In personal appearance he was stout, broad chested, lively in his movements, and manly and erect in his sit. His forehead was expansive, his eye piercing, and he was not deficient in eloquence. His whole appearance was dignified, and inspired confidence, his manners towards his patients extremely kind and winning.

He enjoyed good health until within a few years of his death, when he fell into bad health, probably from over exertion, as he always seemed to forget his advanced age and never took any care of himself nor spared himself any labour. Homeopathy has lost in him an undaunted defender of the truth, the sick a most successful practitioner, and the poor a benevolent friend.

Friedrich Jakob Rummel thus writes of him :

“Muhlenbein was Doctor of Medicine, Privy Councilor, Knight of the Order of Henry the Lion, and member of several learned societies.

He died on January 8, 1845, at g A. M., in Schöningen, in the Duchy of Brunswick, in the 81th year of his life.

In him Homeopathy loses one of its oldest veterans and one of its most faithful champions ever since the year 1822.

He was born on the 15th of October, 1704, at Koeningslutter in Brunswick, where his father was a ducal steward, and Muhlenbein received his first instruction through a tutor, afterwards in the public school there: but his further instruction in the ancient languages he received at Holzminden.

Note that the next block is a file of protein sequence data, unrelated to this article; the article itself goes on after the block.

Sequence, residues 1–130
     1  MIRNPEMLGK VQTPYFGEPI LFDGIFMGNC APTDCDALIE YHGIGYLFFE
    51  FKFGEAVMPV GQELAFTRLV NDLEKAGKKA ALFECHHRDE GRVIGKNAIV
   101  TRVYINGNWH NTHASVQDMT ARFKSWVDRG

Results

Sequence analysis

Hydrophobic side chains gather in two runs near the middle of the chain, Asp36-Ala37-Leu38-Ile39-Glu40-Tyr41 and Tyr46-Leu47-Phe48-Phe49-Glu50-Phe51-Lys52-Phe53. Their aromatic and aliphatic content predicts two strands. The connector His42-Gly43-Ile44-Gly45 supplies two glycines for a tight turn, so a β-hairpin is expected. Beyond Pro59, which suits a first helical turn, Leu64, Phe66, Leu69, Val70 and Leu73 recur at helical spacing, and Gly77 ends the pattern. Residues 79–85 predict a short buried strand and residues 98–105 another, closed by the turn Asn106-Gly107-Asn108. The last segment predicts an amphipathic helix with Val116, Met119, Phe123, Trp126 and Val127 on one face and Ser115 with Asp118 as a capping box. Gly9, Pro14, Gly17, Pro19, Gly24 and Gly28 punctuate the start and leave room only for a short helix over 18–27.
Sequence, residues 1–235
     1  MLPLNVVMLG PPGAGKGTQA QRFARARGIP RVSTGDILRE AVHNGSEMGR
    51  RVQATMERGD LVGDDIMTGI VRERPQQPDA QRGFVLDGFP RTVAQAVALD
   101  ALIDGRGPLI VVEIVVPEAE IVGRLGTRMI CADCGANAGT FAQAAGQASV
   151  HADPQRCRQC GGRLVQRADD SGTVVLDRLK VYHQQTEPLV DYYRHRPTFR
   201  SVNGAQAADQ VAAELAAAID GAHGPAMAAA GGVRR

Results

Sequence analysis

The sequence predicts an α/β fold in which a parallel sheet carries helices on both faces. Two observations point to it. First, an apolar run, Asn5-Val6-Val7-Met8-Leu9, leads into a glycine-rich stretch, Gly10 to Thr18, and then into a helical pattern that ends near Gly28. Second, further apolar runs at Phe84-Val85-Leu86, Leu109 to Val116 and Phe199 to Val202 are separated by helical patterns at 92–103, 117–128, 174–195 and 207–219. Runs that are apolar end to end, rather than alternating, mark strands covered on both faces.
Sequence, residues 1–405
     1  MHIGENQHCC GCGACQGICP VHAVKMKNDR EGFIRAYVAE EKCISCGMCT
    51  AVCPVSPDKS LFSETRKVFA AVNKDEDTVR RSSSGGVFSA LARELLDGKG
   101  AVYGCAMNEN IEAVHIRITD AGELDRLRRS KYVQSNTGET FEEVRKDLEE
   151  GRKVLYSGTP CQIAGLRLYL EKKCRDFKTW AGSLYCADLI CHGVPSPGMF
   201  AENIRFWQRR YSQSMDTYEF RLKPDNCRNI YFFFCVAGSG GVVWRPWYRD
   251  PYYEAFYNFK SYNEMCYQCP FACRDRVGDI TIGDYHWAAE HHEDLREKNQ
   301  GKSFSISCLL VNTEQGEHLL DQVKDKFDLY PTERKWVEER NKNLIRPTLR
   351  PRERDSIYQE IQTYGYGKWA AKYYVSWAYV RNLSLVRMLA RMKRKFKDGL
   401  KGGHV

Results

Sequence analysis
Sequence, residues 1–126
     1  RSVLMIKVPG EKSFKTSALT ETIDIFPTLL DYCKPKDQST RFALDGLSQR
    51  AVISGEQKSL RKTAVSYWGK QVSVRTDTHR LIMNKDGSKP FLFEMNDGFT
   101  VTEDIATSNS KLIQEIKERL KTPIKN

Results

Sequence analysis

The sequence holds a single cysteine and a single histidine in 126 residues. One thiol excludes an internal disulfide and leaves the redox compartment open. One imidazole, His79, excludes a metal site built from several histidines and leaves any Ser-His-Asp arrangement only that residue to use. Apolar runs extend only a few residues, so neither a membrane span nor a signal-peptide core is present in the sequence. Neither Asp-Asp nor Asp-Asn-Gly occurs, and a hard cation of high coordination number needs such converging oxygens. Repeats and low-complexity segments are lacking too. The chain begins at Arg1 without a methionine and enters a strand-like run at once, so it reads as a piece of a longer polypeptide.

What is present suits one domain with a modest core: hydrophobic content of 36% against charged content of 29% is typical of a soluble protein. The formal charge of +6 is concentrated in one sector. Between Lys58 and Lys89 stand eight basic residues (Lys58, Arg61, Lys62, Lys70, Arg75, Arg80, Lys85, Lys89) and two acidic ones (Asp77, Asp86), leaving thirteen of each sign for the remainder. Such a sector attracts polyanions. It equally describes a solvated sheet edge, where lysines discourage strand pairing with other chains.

In the year 1784 he entered the university of Helmstaedt, where he especially profited from the lectures of the well known royal councillor, Beireis, and the Counselor of Mines, von Crell, while studying medicine and chemistry.

In order that he might slake special studies in anatomy, he went for some time to Brunswick, but returned to Helmstaedt to obtain his degree. This he received on the 2d of November, 1789, after defending his dissertation “De Typho.”

At first he for a short time, took up medical practice in his native town. Then he turned to Nieuburg on the Saale: but owing to defective medical supervision and insufficiency of the pharmaceutical establishment there he remained only a short time, and then settled in Brunswick, where he was appointed as physician for the poor.

Soon afterwards the resident physician at Schoningen died of putrid fever which was raging their as an epidemy, and Muhlenbein received from the Duke of Brunswick the honorable but dangerous commission of supporting with his counsel and aid the inhabitants of Schoningen the depraved of medical assistance.

He came near being a victim of his zeal and philanthropy, for also he was seized by the malignant disease, and only after a long confinement his vigorous constitution triumphed and he recovered.

As a reward of his services, he received the appointment of district physician in Schoningen, and later on, when he had declined a call to Heiligenstadt, and the office of district physician in Blankenburg, to which he had a claim was otherwise filled, he receive a personal increase of salary.

About this time he first made the acquaintance with Samuel Hahnemann, who then was living in Koeningslutter, but difference of views and opinions then prevented a closer friendly intimacy with the great reformer.

(The memory of one of the oldest, most zealous and warmest friends of Homeopathy, a Muhlenbein, who so soon followed the great master, could not he omitted from the Archiv. f. d. Hom. Heilkunst.

The monument erected to him by Friedrich Jakob Rummel in the Allgemeine Homöopathische Zeitung (vol. XXVIII, No. 2) is so worthy of him and so suitable that we find nothing in it that we would see changed; we therefore do not hesitate to transfer it unaltered to the Archiv.)